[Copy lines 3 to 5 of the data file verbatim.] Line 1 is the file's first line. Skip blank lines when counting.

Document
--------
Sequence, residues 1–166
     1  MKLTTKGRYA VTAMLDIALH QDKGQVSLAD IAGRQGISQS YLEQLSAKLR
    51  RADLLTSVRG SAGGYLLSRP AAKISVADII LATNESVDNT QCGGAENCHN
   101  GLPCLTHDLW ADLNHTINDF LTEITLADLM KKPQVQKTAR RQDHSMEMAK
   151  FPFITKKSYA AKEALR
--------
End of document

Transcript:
    51  RADLLTSVRG SAGGYLLSRP AAKISVADII LATNESVDNT QCGGAENCHN
   101  GLPCLTHDLW ADLNHTINDF LTEITLADLM KKPQVQKTAR RQDHSMEMAK
   151  FPFITKKSYA AKEALR